"But my goal is still a comprehensive farm bill in this legislative cycle."

Some members of Congress are calling for the passage of a stripped down, short-term extension of the current farm bill even if it is only for a few months. That would allow for some disaster relief and would push a comprehensive farm bill into the next Congressional session. Lucas said said he believes it would be even more difficult to pass such a short term farm bill. He said he is seeing more support for a one-year extension and, if that's all he can get, it may not be such a terrible idea. But even that is not a sure deal as some of his colleagues in the House and Senate are clamoring for reforms now. Lucas said his is not giving up on the 2012 Farm Bill and will keep pushing it forward.

Lucas said the difficulty in garnering support from other farm state legislators is that even with the drought, some producers have not yet been sufficiently impacted. He said high corn prices will generate large crop insurance checks for producers experiencing the drought. And, he said, high cattle prices are pacifying the livestock industry somewhat.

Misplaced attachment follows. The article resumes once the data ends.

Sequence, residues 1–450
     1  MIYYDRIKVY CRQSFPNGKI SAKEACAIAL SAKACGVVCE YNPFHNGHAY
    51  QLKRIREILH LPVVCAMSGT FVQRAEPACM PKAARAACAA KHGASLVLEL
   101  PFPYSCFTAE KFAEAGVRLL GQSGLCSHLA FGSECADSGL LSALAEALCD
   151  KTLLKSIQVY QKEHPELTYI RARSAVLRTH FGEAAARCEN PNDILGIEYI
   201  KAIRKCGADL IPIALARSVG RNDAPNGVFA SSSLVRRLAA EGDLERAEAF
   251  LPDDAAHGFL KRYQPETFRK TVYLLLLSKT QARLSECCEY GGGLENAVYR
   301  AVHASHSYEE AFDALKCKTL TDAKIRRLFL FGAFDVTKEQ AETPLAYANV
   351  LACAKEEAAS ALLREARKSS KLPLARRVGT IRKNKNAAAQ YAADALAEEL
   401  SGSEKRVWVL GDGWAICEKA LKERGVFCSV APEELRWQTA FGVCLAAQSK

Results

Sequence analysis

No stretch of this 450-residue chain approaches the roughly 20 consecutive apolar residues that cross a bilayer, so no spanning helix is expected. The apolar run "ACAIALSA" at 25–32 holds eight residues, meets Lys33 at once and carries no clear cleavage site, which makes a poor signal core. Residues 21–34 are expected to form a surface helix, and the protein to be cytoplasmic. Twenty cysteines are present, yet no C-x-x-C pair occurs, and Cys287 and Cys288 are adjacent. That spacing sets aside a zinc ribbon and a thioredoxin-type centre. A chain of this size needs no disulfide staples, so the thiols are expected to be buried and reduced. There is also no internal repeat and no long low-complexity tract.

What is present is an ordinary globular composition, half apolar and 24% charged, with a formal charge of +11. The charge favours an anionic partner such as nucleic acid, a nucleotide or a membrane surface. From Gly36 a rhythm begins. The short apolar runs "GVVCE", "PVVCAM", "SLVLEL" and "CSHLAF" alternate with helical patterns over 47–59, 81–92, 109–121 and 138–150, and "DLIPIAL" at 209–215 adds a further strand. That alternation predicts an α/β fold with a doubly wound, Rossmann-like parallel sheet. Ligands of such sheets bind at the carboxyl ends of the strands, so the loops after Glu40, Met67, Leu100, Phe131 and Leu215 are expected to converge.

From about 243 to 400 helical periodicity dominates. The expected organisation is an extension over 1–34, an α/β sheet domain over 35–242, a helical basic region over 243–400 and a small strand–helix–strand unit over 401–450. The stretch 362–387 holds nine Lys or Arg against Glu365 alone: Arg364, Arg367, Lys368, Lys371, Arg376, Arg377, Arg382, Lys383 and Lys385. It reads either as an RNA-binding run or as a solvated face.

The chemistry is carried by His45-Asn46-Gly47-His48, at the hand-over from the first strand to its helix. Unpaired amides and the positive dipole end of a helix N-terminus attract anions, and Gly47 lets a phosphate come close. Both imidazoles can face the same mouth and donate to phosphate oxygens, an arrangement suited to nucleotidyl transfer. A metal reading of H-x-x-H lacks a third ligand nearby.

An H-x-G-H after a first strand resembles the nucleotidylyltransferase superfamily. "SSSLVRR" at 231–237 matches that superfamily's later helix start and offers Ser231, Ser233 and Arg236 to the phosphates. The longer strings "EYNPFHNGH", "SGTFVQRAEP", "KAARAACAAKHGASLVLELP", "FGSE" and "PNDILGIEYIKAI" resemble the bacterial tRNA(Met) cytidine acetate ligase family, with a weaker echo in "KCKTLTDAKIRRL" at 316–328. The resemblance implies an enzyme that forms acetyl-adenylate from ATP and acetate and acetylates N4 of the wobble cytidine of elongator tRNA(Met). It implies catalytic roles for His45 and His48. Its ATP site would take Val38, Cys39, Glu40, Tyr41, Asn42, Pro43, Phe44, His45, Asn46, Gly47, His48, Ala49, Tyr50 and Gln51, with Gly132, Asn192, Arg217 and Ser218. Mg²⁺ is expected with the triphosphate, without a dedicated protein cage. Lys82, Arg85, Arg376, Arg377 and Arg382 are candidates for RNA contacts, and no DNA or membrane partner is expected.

"Right now, the circumstances may be such that producers can survive. And maybe their bankers can stay with them. And maybe their suppliers can stay with them. But a farm bill is not about the next six months. A farm bill is about year three and four and five from now. That's why I'm so frantic about passing a new farm bill, establishing for five more years the safety net so that when the bottom falls out of demand or supply goes berserk or Mother Nature goes on a multi-year tear as we've seen in Oklahoma, that we have some way to keep rural America from collapsing."

There has been some talk that behind-the-scenes negotiations are being carried out between House and Senate ag leaders to do some direct conferencing to bridge differences before the House even votes on its version of the farm bill. Lucas said he is exploring all options, but there is no progress to be reported.

Lucas said there is so much that has to be packed into the next eight legislative days. The issue of a continuing resolution to fund government activities for the next six months is overshadowing the farm bill. He also said that looming tax hikes, sequestration, and the shredding of the defense budget are taking precedence as members head back to Washington.